Deep watering trees

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  #1  
Old 04-03-02, 06:09 AM
errolv
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Deep watering trees

In the area of Bakersfield, CA, where we live, the soil is clay, with about 8" of hardpan below the topsoil. We're putting in a few trees, and now we're wondering how to train the roots to get through the hardpan.
When we water, the water seems to stay on the surface, even though we mixed humus into the dirt when we planted the trees (2 - 5 gallon & 1 - 24" box size). We were thinking of drilling/augering some holes around the trees & filling them with gravel to help percolate water down. Any other ideas?
 
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  #2  
Old 04-03-02, 12:09 PM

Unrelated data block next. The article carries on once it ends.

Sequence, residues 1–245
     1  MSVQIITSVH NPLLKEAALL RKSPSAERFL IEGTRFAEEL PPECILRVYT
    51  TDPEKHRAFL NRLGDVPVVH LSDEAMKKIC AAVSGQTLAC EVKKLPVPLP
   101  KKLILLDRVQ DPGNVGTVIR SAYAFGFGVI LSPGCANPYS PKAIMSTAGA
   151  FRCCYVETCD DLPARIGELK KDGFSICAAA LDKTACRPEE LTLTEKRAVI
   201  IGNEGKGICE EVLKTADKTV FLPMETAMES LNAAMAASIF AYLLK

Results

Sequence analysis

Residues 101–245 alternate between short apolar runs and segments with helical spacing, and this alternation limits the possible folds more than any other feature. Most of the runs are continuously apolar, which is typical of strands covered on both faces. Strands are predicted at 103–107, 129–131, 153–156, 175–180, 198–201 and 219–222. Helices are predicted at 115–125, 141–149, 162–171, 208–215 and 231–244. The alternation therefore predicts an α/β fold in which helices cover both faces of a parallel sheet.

howiek's Avatar
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Join Date: Sep 2001
Location: Acton, Ontario, Canada - Zone 6b
Posts: 413
Hello errolv

You could break up the hardpan with a pickaxe or fork to help the drainage but I think that if you can get your new trees thru the first few seasons, their roots will generally be able to penetrate and spread on their own. You just want to make sure that you don't have a bowl where water will collect and stay long enough to drown the trees in their vulnerable adjusting period.

Any other opinions?

Good Luck

Howie
 
  #3  
Old 04-03-02, 07:31 PM
fewalt's Avatar
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Join Date: Feb 2001
Location: sw VA
Posts: 3,100
Good advice Howie,

Too many people try to adjust the hole with too much peat or humus, and like you say, the plant/tree drowns(rots) in the water sitting at the bottom of the hole.
My fruit trees are planted in 30% dirt and 70% limestone, it's all around here, and they are doing fine.
fred
 
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